For Jamila Rowser, Wash Day came out of a simple desire to see more women like her: black and brown women with beautiful halos of hair, living out their everyday lives.

 

For the past few years, representation of PoC in comics has been mostly limited to fantasy and science fiction. It’s been hard to find “slice of life” comics—which illustrate the mundane, lighthearted aspects of life—that specifically cater to the black or brown experience.

When it comes to natural hair, Wash Day proves to be the first of its kind: a beautiful, thoughtful portrayal of the “quiet moments we have as black women: the self-care, time, and dedication that goes into caring for our hair.” (Jamila Rowser)

Written by Jamila Rower and illustrated by Robyn Smith with script edits by J.A Micheline, the 27-page story gives a glimpse into the quiet, everyday life of a young, natural-haired black woman.

The plot of Wash Day is simple: 26 year old Kimana—Kim—goes through struggles and triumphs as she navigates her natural hair journey and deals with her long, voluminous kinks and curls. Throughout her wash day routine, Kim spends quality girl time with her roommate Cookie, deals with catcalling, and indulges in many routines that other 20-something women are familiar with.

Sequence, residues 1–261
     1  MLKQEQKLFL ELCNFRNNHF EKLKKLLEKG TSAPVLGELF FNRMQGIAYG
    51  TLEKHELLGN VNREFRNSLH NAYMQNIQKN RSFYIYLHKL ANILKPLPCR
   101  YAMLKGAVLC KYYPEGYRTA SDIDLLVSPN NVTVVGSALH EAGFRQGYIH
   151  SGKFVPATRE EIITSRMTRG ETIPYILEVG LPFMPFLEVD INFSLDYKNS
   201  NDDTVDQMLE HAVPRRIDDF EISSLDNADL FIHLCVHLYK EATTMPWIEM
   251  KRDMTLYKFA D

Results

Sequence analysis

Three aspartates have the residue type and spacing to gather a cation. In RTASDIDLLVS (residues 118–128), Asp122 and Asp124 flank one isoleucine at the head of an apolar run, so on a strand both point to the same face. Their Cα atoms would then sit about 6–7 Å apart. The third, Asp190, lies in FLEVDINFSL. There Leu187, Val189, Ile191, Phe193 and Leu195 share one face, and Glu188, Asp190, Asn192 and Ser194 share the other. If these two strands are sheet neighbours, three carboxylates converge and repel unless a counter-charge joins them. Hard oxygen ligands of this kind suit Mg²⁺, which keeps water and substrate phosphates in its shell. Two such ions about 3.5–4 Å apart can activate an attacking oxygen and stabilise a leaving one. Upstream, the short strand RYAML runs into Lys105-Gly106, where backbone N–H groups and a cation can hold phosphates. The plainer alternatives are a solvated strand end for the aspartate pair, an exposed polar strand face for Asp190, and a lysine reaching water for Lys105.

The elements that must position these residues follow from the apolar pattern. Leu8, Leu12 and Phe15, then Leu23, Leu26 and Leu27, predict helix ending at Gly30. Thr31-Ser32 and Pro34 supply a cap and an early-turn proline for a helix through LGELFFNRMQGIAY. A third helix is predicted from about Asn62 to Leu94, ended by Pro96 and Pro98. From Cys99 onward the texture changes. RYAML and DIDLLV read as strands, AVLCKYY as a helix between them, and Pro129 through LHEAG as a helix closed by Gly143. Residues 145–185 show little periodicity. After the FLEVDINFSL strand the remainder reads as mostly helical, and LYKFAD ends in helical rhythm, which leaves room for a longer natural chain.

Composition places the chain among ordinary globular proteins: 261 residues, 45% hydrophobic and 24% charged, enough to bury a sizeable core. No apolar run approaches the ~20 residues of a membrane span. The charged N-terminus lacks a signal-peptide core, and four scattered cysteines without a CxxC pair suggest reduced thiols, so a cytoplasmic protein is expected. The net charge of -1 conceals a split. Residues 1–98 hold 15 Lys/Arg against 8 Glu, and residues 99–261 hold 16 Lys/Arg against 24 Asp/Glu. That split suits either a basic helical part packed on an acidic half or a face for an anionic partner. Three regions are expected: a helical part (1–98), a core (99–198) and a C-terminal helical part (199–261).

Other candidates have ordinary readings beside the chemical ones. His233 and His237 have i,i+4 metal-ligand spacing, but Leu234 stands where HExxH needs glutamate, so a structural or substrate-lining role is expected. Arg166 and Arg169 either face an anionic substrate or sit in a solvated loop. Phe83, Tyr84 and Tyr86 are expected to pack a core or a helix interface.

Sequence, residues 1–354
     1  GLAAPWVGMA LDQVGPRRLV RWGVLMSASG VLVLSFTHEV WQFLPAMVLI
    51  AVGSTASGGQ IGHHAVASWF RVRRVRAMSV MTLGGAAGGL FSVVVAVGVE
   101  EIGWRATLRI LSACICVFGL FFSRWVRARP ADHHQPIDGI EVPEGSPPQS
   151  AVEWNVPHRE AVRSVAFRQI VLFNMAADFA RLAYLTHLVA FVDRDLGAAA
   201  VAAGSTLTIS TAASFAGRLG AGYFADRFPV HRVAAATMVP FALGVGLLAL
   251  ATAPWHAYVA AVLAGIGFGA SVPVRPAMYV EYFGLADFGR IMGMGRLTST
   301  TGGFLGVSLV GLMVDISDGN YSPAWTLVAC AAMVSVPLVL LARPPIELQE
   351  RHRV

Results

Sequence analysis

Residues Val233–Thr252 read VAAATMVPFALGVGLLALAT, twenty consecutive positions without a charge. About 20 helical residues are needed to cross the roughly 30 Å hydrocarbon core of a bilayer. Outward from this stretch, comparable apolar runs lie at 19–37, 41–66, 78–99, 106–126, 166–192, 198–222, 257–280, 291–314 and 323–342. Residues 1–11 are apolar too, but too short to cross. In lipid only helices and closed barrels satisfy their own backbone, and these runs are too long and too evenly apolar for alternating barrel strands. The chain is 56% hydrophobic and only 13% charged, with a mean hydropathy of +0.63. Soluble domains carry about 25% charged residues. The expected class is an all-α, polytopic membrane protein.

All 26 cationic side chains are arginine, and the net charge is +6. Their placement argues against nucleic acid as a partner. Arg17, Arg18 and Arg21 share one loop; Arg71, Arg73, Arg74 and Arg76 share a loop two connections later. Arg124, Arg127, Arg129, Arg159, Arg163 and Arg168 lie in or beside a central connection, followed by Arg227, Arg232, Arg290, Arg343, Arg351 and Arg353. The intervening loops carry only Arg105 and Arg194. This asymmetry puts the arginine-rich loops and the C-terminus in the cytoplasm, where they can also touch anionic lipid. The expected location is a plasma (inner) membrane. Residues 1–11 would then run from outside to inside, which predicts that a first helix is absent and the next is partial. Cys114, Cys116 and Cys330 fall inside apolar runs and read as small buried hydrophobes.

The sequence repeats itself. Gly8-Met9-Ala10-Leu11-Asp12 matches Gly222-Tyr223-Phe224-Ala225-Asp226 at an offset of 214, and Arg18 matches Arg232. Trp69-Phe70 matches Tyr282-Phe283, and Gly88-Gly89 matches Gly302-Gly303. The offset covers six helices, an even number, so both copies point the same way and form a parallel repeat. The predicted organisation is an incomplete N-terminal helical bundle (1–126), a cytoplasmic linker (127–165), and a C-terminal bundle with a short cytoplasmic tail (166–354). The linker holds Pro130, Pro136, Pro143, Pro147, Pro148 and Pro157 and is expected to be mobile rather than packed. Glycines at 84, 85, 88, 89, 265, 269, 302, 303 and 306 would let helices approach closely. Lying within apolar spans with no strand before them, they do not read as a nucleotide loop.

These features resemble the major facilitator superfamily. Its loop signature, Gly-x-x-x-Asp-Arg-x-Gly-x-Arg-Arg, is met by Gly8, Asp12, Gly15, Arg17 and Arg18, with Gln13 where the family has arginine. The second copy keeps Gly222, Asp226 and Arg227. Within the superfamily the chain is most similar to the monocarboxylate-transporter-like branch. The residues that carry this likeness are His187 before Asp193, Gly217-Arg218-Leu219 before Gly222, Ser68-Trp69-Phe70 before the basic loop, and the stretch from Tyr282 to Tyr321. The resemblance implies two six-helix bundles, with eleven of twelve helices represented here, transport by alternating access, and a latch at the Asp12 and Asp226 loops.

But it’s in this simplicity that Wash Day is so groundbreaking. Much of society is still painfully oblivious to the commitment natural hair is to women of color. It can be time-consuming, full of ups and downs, and stressful. But it is also beautiful, therapeutic, and a notable aspect of self-esteem for WoC.

“As black women we go through a lot with our hair,” Jamila notes. And with Wash Day she hopes the comic can break some of the stereotypes placed against black women, and show that black women are just as soft, vulnerable, and complex as anyone else.

“Black hair has always been held in a precarious position.” Robyn says. “Without getting too much into the history, it is[ simultaneously] demonized and fetishized. There are laws being made even today that deem it unprofessional—yet, dreadlocks, baby hairs, braids and Afros are  considered high fashion/ ‘what’s trendy’ when done so by [non-black people].

Robyn’s hope is that the mundanity of Wash Day normalizes having black hair. That the regular life readers see Kim live with her natural hair helps people understand that those who have kinks and curls own it, and nobody outside of that should have power over it or them—black hair is not a ‘trend’ nor a court case to be argued over: it’s just an aspect of life.

It’s clear Wash Day is going to be a popular story that deeply resonates with audiences, and inspires readers and creators alike to “seek out stories that are unfamiliar or underrepresented”(Jamila Rowser), and give voice to those who have yet to see themselves reflected in popular media.

WASH DAY’s Kickstarter runs from April 3rd—May 4th, check it out and support!

 

 

 

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